By the time he hit his early 30s, after playing in the city’s bars and making the rounds on the local wedding circuit, Pettigrew decided he was ready to record his first album. 

“We had 10 songs written; we were ready to roll,” but then Pettigrew started to think. “And I said to myself, ‘Geez, I’m going to go out and be Dave Pettigrew in the world, I want to go out and stand for something that I believe in.’”

So, he cancelled the studio time he had booked and restarted the entire writing process with an eye toward making his first Christian record. As he tells it, he went from making great money playing weddings to playing church basements — losing money.

Eventually, he said, “Pounding away and playing church basement after church basement” paid off, because, slowly, he and his band began to receive more opportunities to play — opportunities that, by his own admission, Pettigrew said, “We probably shouldn’t have gotten just because we were an independent Christian recording act.”

But perseverance paid off, and soon Pettigrew and his band were opening for Lincoln Brewster, a contemporary Christian artist who has had his fair share of Billboard success. And soon, success begat success, and Pettigrew found himself opening for bigger names in the world of contemporary Christian music.

“Over the last five or six years, this thing has really just started going up in the right way — I still can’t completely explain, but it’s been amazing,” he said.

In just the past few weeks, Pettigrew was finally able to make playing music his full-time job. Previously, for over 20 years, his day job was as a music supervisor at a major record label in New York City, placing songs into commercials.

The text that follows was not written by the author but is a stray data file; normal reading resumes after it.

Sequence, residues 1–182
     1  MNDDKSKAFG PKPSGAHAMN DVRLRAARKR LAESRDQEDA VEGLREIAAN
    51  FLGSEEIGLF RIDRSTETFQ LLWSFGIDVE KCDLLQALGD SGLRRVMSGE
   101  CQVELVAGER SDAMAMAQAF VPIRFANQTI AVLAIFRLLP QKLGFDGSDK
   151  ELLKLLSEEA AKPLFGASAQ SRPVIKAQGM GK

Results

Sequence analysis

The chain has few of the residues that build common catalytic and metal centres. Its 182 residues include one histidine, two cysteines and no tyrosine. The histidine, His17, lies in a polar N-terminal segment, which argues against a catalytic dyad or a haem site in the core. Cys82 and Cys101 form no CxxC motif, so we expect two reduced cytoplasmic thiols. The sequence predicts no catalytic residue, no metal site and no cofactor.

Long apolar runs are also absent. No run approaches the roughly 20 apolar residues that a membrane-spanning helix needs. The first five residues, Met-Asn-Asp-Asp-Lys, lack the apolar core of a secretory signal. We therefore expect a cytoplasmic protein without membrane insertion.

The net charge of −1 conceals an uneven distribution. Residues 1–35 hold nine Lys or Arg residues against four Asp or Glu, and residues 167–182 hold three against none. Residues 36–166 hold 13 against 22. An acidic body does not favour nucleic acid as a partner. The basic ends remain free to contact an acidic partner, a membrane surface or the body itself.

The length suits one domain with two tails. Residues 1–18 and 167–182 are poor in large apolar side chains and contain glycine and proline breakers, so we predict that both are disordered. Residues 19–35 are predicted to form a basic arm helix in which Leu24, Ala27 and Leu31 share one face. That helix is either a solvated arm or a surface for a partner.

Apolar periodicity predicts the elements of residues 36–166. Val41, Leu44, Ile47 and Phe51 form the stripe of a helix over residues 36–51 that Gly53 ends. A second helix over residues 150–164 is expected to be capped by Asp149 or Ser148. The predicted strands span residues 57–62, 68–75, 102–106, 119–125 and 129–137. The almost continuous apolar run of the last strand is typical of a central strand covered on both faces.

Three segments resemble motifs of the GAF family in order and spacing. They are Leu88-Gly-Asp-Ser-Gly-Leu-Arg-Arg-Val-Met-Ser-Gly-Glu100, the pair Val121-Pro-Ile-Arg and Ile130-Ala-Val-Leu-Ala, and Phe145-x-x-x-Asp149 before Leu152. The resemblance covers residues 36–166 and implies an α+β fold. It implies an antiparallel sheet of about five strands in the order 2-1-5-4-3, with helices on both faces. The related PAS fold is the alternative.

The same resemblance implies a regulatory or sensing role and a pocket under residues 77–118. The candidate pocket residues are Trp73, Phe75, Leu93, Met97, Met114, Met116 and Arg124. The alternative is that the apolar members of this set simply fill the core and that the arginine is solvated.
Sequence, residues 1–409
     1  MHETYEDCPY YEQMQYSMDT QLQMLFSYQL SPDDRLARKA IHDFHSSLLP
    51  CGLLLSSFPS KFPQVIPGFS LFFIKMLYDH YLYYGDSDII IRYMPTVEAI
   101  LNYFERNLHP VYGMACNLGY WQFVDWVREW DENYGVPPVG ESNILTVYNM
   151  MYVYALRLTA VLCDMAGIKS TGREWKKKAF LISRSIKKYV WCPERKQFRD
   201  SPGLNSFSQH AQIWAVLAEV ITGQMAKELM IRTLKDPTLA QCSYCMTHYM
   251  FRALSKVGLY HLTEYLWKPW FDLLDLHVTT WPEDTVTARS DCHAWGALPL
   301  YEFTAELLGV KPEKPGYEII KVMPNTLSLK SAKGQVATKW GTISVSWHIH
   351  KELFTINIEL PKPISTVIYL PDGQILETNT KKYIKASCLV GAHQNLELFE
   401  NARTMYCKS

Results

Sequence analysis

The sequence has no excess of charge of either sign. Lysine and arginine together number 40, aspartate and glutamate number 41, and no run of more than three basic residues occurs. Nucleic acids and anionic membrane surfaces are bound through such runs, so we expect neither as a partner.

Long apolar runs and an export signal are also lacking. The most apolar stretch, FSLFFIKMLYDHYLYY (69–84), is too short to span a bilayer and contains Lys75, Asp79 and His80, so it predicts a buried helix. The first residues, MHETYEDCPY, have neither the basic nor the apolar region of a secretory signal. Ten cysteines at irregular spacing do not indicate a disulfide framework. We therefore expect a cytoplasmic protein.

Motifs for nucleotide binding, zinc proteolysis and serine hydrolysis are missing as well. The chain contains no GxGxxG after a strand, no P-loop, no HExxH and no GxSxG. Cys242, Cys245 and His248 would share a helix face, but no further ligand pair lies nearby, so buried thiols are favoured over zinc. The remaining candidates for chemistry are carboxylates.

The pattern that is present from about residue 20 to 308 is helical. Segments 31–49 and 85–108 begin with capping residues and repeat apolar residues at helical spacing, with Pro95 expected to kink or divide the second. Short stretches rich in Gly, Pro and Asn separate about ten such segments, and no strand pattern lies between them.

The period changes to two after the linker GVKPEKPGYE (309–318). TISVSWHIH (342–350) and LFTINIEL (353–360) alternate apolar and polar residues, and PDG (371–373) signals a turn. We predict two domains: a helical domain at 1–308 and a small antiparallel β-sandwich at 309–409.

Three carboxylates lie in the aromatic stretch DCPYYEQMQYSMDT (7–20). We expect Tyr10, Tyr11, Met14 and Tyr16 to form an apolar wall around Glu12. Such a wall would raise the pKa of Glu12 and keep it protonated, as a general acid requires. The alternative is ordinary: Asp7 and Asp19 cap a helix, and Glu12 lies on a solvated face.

So, how does a married 49-year-old man with two kids leave a good-paying job with benefits? 

“To be 100-percent honest with you, I’ve been praying about it for years and finally got an answer from those prayers that was just like, ‘You know what, this is it.’ And I just decided to stop the gig and do this,” Pettigrew said. 

A tragedy that has saved lives

 Pettigrew had a lot of questions when his nephew died of an overdose —  two-and-a-half-years later, he said, he still has questions. Ryan was a person of faith, he said, “a believer.” But, Pettigrew said, he’s working with the hand he was dealt. 

“That was a hard day,” he said of the day Ryan died; five police cars and two ambulances showed up at the house that day. “We’re just a small town, an affluent community in New Jersey; this isn’t supposed to happen here — but it did.”

Now the goal is to tell as many people as possible about what happened that day, Pettigrew said, so that other families aren’t waking up to the scene — tragedy, really — that he and his family encountered the day Ryan died.

Ryan, his uncle said, “[was a] really good kid, big heart, loved to hang out and play with kids — avid fisherman, like a professional fisherman,” 

Ryan loved hockey and played it growing up; it’s also what led finally to his April 2017 overdose. 

“He hurt his knee and was prescribed opioids to deal with the pain,” Pettigrew said, which led to taking more of the legalized narcotic, which led to using illegal heroin. 

“And that’s a story I hear all the time,” he said; legal opioids are the gateway to illegal heroin use. And, although Ryan’s story had a tragic ending, Pettigrew said, to now know that his story is affecting, changing, and saving peoples lives, “is an incredible thing.”

Ryan’s mother made up bracelets that say, “There Is Hope.”

Pettigrew said he gave a bracelet to a woman who was in recovery and a few months later, she came to one of his shows and told them the bracelet “literally saved” her “life one night.”

She was about to shoot up, Pettigrew said, and, when she tying off, she saw the bracelet around her wrist that said, “There Is Hope.” She put the needle down, he said, called her sponsor and was able to get out of the situation. 

Since Ryan’s death, Pettigrew has spent a lot of time with people in recovery for whom sobriety is a daily battle. He said that he’s “certainly, come to understand [addiction] more,” because he had been previously been someone who was of the mindset: “Just stop; just stop using.”

But now, after spending time with recovering addicts, he understands that it’s not like flipping a switch. 

More New Scotland News

The Altamont Enterprise is focused on hyper-local, high-quality journalism. We produce free election guides, curate readers' opinion pieces, and engage with important local issues. Subscriptions open full access to our work and make it possible.